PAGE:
Turkey releases Greek soldiers accused of spying | News | DW | 14.08.2018
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Turkey releases Greek soldiers accused of spying

Turkey has released from prison two Greek soldiers held on charges of military espionage and illegally entering the country. Greek Prime Minister Alexis Tsipras said it was "an act of justice."

A Turkish court on Tuesday released two Greek soldiers pending their trial on espionage charges.

The soldiers — a lieutenant and a sergeant — had been apprehended by officers in a Turkish military zone in early March. They told Turkish authorities they had lost their way due to heavy snow and fog before straying over the land border by mistake.

The soldiers will be tried without being held in detention. The trial date has not yet been set. They are  expected to return to Greece on Wednesday where they will be met by Greece's defense minister and army chief of staff.

Greek Prime Minister Alexis Tsipras welcomed the ruling from his NATO neighbor.

"The release of the two Greek officers is an act of justice which will contribute to friendship, good neighborly relations and stability in the region," his office said in a statement.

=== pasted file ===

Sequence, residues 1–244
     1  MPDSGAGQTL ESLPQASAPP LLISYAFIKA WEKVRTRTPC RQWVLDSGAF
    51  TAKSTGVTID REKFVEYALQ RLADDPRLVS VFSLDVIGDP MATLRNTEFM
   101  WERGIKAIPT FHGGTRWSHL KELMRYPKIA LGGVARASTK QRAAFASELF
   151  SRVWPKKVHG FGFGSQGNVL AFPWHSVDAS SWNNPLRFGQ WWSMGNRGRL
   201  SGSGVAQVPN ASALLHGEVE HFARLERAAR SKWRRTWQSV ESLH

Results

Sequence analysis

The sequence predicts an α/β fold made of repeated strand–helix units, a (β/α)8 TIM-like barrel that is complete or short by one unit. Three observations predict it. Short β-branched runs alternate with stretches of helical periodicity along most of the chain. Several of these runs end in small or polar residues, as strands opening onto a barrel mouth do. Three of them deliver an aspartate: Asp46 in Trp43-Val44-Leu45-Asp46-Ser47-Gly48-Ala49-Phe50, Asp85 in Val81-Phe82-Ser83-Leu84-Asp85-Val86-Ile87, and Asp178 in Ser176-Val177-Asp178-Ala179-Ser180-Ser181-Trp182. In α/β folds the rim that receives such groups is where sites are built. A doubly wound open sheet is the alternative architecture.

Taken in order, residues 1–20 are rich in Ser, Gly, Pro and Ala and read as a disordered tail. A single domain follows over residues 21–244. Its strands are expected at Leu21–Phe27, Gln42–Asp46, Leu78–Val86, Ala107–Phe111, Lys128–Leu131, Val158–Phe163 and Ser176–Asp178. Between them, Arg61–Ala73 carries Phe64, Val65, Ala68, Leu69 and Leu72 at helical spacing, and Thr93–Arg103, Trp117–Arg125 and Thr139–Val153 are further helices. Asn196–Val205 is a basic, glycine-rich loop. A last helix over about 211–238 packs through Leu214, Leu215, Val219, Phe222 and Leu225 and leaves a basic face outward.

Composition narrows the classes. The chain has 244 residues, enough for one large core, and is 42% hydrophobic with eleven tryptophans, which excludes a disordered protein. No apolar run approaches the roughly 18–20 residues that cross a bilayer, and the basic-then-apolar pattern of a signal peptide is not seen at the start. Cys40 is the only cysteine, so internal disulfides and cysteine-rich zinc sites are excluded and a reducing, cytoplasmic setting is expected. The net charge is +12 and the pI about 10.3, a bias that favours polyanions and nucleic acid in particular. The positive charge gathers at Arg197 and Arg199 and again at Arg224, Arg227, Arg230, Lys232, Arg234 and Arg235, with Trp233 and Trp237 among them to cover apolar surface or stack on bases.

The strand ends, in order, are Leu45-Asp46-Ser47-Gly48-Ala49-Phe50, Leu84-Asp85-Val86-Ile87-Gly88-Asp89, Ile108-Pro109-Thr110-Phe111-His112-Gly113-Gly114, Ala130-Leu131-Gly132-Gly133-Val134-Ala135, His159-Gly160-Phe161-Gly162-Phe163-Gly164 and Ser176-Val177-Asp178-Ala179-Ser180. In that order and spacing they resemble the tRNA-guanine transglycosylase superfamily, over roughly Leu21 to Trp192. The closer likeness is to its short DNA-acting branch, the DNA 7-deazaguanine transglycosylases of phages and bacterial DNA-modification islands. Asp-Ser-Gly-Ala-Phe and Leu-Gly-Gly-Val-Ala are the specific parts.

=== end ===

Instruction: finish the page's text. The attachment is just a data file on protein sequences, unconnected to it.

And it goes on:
Tsipras had met with Turkish President Recep Tayyip Erdogan last month on the sidelines of a NATO summit in Brussels, and raised the issue of the soldiers.

 

Greek politician and the EU's migration commissioner, Dimitris Avramopoulos, said on Twitter the soldiers' release was an "important step for the relations between Turkey and Greece, and the EU as a whole."

The EU had condemned their detention and called for their release.  

   

Read more: Greece issues formal complaint to EU and NATO over detention of soldiers in Turkey

Strained ties

Relations between Athens and Ankara have been complicated by a number of issues from ethnically divided Cyprus to rights in the Aegean Sea.

The failure of Greece to extradite eight Turkish soldiers who escaped to Turkey by helicopter on the night of a 2016 attempted coup has also strained relations between the two NATO allies. Greek courts have argued they would not get a fair trial in Turkey and their lives would be in danger there.

kw/jm (AP, AFP, DPA, Reuters)

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